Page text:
Aggressive tumours are more likely to occur in men who have more than four drinks a day at least five times a week.
Men who drink heavily may be raising their risk of developing prostate cancer, researchers said in a recent study.
In addition, the study found that the drug finasteride, which can help lower a man’s risk of the disease, appears to be unable to undo the damage of heavy drinking.
The findings come from a clinical trial which looked at whether finasteride lowered the risk of prostate cancer in nearly 11,000 men over seven years.
Of the men, 2,219 were diagnosed with prostate cancer and 8,791 remained cancer-free throughout the study.
The researchers found that men who drank heavily – four or more drinks a day on at least five days of a week – were twice as likely as non-drinkers to develop aggressive prostate tumours.
The risk was seen in men who received finasteride and those given a placebo.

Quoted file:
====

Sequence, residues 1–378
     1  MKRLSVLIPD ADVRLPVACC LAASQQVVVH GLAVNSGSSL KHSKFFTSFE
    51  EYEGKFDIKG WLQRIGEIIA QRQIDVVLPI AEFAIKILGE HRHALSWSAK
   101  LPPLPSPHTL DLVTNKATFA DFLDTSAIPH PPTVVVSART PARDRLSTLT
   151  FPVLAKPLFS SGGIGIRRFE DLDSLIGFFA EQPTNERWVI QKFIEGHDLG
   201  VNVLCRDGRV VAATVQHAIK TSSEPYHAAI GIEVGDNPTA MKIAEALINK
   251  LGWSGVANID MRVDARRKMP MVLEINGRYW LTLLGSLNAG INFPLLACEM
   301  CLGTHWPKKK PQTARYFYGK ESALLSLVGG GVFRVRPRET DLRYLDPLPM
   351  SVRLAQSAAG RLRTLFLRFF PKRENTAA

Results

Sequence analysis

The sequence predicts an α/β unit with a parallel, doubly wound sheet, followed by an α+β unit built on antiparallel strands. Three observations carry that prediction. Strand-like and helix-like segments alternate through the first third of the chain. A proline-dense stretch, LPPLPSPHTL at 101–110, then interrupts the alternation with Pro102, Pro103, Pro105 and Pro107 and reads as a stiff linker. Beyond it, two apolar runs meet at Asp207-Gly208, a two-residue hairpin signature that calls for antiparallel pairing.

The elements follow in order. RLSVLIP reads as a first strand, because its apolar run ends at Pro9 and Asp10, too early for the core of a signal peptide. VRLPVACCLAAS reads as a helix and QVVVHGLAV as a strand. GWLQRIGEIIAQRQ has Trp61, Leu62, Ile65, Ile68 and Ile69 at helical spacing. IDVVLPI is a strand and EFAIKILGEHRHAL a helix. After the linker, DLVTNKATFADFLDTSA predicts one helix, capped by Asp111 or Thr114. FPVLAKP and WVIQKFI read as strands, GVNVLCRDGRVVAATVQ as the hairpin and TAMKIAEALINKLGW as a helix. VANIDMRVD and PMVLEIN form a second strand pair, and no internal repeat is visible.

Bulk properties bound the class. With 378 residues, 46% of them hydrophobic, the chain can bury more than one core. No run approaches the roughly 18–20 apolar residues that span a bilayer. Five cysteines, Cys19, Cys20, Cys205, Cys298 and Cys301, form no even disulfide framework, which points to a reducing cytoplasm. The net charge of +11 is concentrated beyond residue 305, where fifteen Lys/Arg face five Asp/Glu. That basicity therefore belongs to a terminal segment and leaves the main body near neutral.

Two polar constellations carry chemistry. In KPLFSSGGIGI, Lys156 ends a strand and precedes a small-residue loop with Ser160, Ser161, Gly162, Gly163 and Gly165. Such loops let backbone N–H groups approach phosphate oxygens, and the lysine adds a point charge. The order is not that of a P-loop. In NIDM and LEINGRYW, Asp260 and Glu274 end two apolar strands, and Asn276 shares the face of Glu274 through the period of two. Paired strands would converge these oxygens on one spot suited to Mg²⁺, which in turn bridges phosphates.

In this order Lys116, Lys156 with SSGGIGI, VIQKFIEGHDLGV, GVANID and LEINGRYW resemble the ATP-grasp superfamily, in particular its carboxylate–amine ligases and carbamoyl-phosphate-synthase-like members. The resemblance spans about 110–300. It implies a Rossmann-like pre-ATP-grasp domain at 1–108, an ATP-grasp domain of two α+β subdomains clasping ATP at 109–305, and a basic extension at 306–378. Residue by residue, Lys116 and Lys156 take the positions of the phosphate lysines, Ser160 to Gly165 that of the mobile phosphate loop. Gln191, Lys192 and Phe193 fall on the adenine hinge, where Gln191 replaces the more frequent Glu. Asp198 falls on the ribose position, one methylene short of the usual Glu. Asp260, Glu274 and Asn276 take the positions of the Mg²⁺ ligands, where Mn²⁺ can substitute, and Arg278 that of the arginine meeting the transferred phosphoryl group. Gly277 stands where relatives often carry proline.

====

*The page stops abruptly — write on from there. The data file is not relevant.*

In addition, when it came to less aggressive, slower-growing prostate tumours, finasterife cut non-drinkers’ and moderate drinkers’ risk by 43 per cent. The drug did nothing, however, for heavier drinkers.
The findings of the study, led by Dr Zhihong Gong of the University of California at San Francisco, were reported in the Journal Cancer.
Many of the established risk factors of prostate cancer cannot be controlled, such as age, race and family history of the disease.
Only a handful of suspected risk factors – including obesity, smoking and a high intake of animal fat – can be modified, the researchers said.
They added that more studies should be done to confirm the findings.
For now, they wrote, “physicians may choose to consider this finding when counselling men on reducing their risk of prostate cancer”.
They said that it would also be prudent for men on finasteride to limit themselves to no more than two or three drinks a day.